Council members weigh in on Trico future

March 19, 2012 Updated Mar 19, 2012 at 9:25 AM EDT

By WKBW News
By Business First by James Fink

...
March 19, 2012 Updated Mar 19, 2012 at 9:25 AM EDT

Add a pair of influential Buffalo Common Council members who are joining the growing chorus to save the former Trico No. 1 plant that the Buffalo Niagara Medical Campus wants to demolish as part of its ongoing expansion plans.

Councilmen David Franczyk and Joseph Golombek have filed a resolution with their fellow city lawmakers asking that they urge, if not prevent, the medical campus from demolishing the century-old, Goodell Street landmark.

"Demolition should be the last resort," Franczyk said.

The council is expected to review and vote on the resolution on March 20, two days before the Buffalo Preservation Board considers naming the six-story, 600,000-square-foot mothballed windshield wiper factory a historic landmark. Preservation Buffalo Niagara is also holding a public meeting on the landmark status on March 22 and the Common Council's legislation committee may vote on that request on March 27.

All of the efforts are designed to preserve the building, which members of the architecture and historic preservation community say must be saved. Others contend, however, that the land where it sits is more valuable the long-vacant building.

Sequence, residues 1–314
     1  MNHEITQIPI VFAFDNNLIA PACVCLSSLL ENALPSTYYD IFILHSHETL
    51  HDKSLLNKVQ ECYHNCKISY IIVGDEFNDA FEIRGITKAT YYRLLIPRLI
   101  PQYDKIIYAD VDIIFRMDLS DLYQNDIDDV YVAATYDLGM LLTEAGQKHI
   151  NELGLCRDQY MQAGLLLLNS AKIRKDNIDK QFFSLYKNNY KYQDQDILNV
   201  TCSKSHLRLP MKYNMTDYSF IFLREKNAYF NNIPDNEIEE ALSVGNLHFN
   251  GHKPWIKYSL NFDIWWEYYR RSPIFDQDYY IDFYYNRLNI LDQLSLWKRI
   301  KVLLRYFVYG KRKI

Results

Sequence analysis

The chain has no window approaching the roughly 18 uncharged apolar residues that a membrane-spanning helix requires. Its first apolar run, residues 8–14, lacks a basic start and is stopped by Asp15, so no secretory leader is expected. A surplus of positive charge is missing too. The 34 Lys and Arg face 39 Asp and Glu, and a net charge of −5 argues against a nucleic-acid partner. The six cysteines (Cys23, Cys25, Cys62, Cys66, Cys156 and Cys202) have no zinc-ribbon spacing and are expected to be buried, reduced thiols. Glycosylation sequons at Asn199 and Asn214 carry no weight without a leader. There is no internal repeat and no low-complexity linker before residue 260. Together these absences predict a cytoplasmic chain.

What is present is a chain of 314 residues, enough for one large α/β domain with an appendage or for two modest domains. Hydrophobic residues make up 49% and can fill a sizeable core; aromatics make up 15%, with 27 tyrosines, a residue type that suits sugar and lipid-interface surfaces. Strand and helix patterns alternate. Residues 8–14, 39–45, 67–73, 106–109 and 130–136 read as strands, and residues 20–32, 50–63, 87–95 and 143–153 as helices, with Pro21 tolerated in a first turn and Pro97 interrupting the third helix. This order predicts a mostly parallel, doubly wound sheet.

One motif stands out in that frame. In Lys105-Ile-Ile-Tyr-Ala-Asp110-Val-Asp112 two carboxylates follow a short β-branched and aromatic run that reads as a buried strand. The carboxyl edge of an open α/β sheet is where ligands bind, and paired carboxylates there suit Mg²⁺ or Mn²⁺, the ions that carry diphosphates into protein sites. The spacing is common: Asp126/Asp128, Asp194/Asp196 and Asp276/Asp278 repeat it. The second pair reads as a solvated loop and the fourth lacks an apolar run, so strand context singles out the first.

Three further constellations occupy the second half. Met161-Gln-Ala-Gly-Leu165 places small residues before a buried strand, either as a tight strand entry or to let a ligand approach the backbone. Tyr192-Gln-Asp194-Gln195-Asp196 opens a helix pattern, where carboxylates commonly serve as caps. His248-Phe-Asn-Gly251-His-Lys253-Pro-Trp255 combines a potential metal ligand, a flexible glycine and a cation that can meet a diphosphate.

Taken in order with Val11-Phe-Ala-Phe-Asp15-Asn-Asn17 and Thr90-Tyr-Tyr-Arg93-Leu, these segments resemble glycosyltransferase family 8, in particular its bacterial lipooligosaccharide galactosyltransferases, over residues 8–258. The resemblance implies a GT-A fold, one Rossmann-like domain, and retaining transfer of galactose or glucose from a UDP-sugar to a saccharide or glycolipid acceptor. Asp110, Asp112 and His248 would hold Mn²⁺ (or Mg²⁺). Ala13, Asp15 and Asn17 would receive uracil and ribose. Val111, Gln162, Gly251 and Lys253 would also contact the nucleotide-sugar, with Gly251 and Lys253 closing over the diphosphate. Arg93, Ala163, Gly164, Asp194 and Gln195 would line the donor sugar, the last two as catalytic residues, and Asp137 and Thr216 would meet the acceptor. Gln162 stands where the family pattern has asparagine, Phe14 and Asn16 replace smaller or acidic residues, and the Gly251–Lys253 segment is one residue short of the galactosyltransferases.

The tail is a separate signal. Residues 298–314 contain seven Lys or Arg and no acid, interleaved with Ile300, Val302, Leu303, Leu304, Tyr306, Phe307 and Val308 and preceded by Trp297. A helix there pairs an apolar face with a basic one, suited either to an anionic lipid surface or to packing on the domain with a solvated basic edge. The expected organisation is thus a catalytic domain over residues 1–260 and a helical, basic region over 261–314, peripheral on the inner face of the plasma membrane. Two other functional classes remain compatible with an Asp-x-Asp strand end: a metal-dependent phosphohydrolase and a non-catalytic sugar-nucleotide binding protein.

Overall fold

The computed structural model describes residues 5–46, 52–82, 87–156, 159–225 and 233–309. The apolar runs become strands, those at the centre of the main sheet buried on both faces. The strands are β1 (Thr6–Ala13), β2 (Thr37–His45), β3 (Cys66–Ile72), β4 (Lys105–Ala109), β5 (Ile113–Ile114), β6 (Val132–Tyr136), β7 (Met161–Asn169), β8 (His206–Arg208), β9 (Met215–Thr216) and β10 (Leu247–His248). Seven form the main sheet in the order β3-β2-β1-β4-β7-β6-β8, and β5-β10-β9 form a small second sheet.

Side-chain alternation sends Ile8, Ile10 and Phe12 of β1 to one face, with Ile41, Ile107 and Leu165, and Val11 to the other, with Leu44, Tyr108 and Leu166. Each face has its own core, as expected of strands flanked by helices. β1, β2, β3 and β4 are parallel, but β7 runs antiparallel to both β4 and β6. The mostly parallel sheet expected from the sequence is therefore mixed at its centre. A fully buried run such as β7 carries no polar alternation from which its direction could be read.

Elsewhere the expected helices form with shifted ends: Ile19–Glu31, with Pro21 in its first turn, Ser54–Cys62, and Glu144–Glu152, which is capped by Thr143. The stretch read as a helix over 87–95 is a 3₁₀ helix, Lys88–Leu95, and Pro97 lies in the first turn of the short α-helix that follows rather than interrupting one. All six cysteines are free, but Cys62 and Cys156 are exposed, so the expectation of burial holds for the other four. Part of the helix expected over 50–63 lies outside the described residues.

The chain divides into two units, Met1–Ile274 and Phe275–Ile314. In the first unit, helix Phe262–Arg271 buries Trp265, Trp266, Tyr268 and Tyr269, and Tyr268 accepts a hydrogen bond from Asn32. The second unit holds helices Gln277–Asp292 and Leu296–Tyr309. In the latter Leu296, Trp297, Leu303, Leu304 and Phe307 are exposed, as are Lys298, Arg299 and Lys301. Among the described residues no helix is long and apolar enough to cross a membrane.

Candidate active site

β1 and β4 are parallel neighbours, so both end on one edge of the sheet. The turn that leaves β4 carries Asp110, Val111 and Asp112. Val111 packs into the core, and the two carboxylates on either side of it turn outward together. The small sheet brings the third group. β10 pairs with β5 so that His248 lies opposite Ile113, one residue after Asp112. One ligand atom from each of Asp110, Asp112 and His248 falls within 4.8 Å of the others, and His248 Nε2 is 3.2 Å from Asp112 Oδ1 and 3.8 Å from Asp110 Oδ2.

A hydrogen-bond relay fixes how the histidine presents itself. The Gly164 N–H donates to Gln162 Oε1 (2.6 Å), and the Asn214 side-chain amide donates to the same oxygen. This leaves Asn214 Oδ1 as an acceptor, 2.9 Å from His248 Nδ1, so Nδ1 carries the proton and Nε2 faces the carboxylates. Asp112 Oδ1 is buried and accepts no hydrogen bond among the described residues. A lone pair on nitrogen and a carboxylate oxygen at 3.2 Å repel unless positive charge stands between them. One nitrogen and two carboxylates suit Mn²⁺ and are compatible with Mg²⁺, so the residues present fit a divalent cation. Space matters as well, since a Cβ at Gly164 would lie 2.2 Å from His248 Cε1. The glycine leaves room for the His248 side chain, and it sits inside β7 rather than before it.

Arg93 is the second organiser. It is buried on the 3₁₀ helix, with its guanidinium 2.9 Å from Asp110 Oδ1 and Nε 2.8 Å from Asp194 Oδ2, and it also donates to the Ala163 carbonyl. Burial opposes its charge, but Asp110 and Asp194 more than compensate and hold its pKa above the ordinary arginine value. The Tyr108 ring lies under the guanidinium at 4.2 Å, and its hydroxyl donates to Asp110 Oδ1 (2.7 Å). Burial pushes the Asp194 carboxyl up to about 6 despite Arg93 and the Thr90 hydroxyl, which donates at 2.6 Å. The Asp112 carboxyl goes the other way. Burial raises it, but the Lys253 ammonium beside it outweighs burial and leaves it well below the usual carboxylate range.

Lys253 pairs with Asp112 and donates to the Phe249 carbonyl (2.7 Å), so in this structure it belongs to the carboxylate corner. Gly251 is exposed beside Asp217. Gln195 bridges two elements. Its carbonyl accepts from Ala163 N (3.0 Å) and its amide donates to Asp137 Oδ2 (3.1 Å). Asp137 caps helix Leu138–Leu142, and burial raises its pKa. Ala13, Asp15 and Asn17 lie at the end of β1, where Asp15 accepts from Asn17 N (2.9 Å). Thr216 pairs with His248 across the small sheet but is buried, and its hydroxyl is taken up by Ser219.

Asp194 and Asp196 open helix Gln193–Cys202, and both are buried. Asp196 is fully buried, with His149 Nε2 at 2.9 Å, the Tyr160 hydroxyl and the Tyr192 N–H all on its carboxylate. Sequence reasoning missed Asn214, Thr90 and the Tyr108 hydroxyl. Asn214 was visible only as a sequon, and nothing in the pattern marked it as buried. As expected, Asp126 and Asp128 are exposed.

The various designations are designed to make demolition almost impossible to be approved. The medical campus paid $12.4 million for the building five years ago.

The plant's fate has been the subject of numerous talks since it became public last week that the Buffalo Niagara Medical Campus, who bought the six-story building five years ago, wanted to begin razing the facility in April to make way for new developments.

Local preservationists, led by Preservation Buffalo Niagara, have started a full-scale effort to stop the proposed demolition.

Preservation Buffalo Niagara is working to secure funding for a re-use study for the building that would pinpoint historic tax credits and other incentives that may make the former factory a viable restoration project. The group hopes the medical campus will delay any action until the study can funded and completed.